Global warming is melting the Greenland Ice Sheet, fast. A new study measures the loss of ice from one of world’s largest ice sheets.
They find an ice loss that has accelerated in the past few years, and their measurements confirm prior estimates. As humans emit heat-trapping gases, we expect to see changes to the Earth. One obvious change to be on the lookout for is melting ice. This includes ice atop mountains, ice floating in cold ocean waters, and the ice within large ice sheets or glaciers. It is this last type of ice loss that most affects ocean levels because as the water runs into the oceans, it raises sea levels. So measuring ice sheet melting is important, not only as a signal of global warming but also because of the sea level impacts.
Letter signed by 154 Australian experts demands climate policy match the science. More than 150 Australian experts have signed on open letter to the prime minister, Malcolm Turnbull, demanding urgent action on climate change that matches the dire warnings coming from climate scientists.
The letter, organised by the Australian National University climatologist Andrew Glikson, calls on the federal government to make “meaningful reductions of Australia’s peak carbon emissions and coal exports, while there is still time”. The 154 signatories include leading climate and environmental scientists such as the Climate Council’s Tim Flannery, Will Steffen and Lesley Hughes, as well as reef scientists Ove Hoegh-Guldberg and Charlie Veron. They point out that July 2016 was the hottest month on record, and followed a nine-month streak of record-breaking months.
Average carbon dioxide concentrations in the atmosphere reached 400 parts per million in 2015, and are rising at a rate of nearly 3 ppm each year. Cliff collapses on Dorset's Jurassic Coast. Image copyright Gem Gilbert A section of cliff has collapsed on Dorset's Jurassic Coast.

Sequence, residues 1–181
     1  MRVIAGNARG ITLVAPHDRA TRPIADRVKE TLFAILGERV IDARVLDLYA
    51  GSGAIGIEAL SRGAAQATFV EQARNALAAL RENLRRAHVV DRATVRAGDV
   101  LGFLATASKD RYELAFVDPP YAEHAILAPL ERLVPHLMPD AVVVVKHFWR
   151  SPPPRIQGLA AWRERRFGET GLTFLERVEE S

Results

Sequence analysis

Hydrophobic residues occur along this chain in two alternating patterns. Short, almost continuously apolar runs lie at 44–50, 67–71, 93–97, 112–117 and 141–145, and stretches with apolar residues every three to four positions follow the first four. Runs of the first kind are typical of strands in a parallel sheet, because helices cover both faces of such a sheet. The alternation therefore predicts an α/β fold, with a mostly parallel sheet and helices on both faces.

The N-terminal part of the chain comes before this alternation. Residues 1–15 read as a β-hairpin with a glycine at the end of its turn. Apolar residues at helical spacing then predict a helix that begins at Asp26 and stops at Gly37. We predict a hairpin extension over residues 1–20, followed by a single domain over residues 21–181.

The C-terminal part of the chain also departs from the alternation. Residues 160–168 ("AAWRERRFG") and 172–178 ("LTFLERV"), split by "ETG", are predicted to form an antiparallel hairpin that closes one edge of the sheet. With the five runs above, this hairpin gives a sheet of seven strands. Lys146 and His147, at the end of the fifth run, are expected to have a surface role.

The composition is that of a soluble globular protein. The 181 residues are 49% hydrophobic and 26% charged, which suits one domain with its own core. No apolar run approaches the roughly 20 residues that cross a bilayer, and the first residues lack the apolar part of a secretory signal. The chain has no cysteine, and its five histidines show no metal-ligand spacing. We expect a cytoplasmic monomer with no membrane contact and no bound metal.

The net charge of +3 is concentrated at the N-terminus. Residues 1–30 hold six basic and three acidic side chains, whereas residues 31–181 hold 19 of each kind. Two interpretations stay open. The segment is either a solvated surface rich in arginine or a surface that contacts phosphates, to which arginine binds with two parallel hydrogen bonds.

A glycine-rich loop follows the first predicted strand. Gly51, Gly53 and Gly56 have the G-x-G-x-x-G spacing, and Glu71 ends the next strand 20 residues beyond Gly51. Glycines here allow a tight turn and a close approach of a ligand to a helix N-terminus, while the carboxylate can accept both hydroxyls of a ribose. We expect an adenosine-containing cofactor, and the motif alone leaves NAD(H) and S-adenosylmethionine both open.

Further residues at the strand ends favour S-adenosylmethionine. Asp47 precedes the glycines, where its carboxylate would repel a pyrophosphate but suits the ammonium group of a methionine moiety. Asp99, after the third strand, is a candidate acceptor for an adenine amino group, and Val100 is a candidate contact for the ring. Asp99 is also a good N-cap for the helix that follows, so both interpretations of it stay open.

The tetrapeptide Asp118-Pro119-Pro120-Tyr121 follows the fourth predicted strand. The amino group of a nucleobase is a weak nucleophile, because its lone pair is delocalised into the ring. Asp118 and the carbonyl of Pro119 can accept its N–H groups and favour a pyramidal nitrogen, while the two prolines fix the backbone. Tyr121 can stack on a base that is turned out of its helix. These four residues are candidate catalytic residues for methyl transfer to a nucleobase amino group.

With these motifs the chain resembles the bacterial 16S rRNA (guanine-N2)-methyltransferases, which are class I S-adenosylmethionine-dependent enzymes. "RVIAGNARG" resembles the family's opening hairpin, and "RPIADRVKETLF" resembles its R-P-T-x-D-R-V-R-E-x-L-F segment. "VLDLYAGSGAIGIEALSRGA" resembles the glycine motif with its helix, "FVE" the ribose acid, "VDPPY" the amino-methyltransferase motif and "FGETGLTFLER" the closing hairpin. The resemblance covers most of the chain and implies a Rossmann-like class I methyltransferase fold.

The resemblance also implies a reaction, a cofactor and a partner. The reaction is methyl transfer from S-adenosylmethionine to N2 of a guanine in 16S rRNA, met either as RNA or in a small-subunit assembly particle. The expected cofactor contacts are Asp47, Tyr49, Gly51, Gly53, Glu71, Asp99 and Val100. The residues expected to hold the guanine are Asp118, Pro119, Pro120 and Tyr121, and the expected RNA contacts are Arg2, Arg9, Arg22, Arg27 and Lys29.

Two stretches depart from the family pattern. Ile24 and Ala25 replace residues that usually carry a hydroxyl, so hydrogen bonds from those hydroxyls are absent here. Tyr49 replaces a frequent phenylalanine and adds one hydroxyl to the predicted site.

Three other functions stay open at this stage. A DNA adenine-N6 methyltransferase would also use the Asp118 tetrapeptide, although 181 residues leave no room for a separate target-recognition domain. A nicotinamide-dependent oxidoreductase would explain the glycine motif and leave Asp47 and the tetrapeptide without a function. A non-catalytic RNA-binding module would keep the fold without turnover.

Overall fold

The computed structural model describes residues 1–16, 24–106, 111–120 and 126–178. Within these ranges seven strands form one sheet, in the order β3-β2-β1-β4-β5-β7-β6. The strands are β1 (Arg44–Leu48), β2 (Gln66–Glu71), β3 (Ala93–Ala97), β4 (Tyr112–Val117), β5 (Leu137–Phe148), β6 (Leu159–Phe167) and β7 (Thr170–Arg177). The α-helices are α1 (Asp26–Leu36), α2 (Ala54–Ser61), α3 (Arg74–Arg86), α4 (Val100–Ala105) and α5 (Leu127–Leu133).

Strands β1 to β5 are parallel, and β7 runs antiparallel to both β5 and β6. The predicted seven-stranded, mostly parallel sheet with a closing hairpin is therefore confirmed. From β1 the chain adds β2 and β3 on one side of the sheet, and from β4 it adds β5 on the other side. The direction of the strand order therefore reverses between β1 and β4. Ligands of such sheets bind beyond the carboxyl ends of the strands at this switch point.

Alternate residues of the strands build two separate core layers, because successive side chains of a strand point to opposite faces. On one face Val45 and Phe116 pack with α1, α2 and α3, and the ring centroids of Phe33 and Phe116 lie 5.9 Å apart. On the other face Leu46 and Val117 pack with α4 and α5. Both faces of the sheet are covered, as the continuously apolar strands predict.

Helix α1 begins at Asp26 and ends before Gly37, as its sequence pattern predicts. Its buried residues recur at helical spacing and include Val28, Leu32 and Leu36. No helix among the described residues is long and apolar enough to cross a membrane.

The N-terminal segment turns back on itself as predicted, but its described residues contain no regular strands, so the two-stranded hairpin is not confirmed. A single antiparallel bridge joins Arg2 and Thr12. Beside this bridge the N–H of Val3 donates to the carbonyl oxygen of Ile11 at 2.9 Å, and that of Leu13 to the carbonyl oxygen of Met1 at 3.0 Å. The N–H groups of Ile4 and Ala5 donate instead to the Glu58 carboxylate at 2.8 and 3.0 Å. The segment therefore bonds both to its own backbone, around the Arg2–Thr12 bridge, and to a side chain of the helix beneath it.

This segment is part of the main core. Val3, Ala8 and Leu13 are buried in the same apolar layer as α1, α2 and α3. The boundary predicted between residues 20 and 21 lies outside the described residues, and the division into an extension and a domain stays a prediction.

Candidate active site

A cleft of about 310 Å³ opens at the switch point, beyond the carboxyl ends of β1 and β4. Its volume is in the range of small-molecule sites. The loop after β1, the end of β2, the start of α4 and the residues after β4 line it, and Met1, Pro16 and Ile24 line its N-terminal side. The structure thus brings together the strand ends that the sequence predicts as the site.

The fall happened at the East Cliff side of West Bay, near Bridport, at about 19:40 BST. 'Unusual and enigmatic' long-finned pilot whales spotted off Welsh coast. Image copyright Mick Baines/ Sea Watch Foundation.
Why Are Dolphins Dying on East Coast? Experts Alarmed. Bottlenose dolphins are washing up dead in unusually high numbers along the U.S.
East Coast this summer—a "very alarming" situation that has experts scrambling to decipher the cause. Nearly 120 corpses have washed ashore in coastal states from New York to Virginia in July and the first week of August, which is much higher than the normal number of strandings attributed to natural deaths. West Antarctica Glaciers Collapsing, Adding to Sea-Level Rise. A massive glacier system in West Antarctica has started collapsing because of global warming and will contribute to significant worldwide sea-level rise, two teams of scientists warn in a pair of major studies released Monday.
Scientists had previously thought the two-mile-thick (3.2 kilometers) glacier system would remain stable for thousands of years, but new research suggests a faster time frame for melting. A rapidly melting section of the West Antarctic Ice Sheet appears to be in irreversible decline and will sink into the sea, scientists at the University of California, Irvine and NASA reported Monday.